Could 2016 turn out to be a better year for coins than 2015?
John Krupka, owner of Point Coin, Stevens Point, Wis., said several factors are influencing 2016’s market.
“The market depends on metal prices, commodity prices, and the results from the presidential election,” he said. “There’s a lot of uncertainty right now over the elections, so people aren’t really thinking about coins. I believe better times are ahead, but not this year.”
Other factors are helping the market, particularly with online sales, he said.
“It’s winter, so I imagine the average collector is sitting at home and looking up coins to buy online,” he said. “Lower gas prices are also helping buyers. They now have a few extra bucks to spend on coins instead of gas.”
He said his online sales are on the upswing in 2016.
“My eBay sales have increased compared to 2015,” he said. “I’ve been encouraged with the amount of sales there.”
The online coin market has been especially strong in classic coin series, he said.
“Morgan dollars are doing well,” Krupka said. “Even lower grade silver coins like Walking Liberty halves, Franklin halves and Standing Liberty quarters are selling on eBay.
“Any gold coins will go quickly. I had some French gold coins that, if they were in the store, may have been looked at eventually. Online, I was able to sell them almost immediately.”
Mike Schiller, owner of Allouez Rare Coin Gallery, Allouez, Wis., said his online sales are also doing well in 2016.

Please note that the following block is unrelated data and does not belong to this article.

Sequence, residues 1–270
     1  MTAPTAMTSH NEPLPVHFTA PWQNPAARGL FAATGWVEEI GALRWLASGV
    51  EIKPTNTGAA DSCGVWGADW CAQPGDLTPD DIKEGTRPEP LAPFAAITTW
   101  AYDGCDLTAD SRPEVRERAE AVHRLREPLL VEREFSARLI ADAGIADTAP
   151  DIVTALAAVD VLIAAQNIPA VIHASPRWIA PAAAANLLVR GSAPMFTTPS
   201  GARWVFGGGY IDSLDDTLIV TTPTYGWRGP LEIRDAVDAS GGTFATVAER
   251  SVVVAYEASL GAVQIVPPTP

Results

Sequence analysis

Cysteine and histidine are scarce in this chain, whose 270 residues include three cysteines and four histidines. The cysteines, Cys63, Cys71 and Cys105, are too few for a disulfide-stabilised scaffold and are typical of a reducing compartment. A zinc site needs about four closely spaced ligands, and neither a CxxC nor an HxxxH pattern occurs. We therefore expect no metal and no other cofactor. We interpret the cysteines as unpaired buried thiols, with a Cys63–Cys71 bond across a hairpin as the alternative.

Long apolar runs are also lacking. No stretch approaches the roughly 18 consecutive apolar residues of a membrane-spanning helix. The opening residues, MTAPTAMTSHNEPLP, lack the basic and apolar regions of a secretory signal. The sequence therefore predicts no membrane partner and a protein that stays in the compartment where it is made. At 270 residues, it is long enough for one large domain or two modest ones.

“In the store, collector coin sales are not so hot,” he said. “One week we have a lot of people in the store and the next week we’re just twiddling our thumbs, waiting. On eBay, sales are brisk. The site has been a tremendous boon for us.
“We’re averaging six to eight coin sales a day, usually certified items with prices in the sweet spot of $50 to $250. That seems to be where all of our sales are at.”
He also said gold bullion is doing well in 2016 compared to 2015.
“We’re selling an awful lot of gold,” he said. “I’ve had to replace my initial gold order 12 times now since mid-January. Gold seems to be way more active this year than silver.”
He said strong gold sales won’t pay all the bills, though.
“The margins are too low on gold bullion,” he said. “Volume is not at the level where I can say we’re covering our overhead on bullion sales. In 2011, we had lines out the door and our bullion sales were more than enough to cover overhead.”
Where the price of gold goes throughout 2016 is going to influence buyer demand, he said.
“As long as prices stay at this range, people will view pullbacks in the price as good buying opportunities,” Schiller said.
Michael Fuljenz, owner of Universal Coin and Bullion, Beaumont, Texas, said 2016’s gold price movements are already attracting more buyers to the market.
“Sales in January of this year were about the same as January of 2015,” he said. “We had more customers though, which is good. I’d rather have more buyers and the same amount of sales.”
He said the spike in buyer interest is also due to increased marketing by coin selling firms.
“We’ve seen gold go from $1,082 at the start of January to $1,207 now,” Fuljenz said. “Silver went from $14 to $15.29 that same period.
“Whenever metals move, dealers look for new buyers through advertising. This has a latent effect of getting people involved in coin collecting.”
This article was originally printed in Numismatic News.
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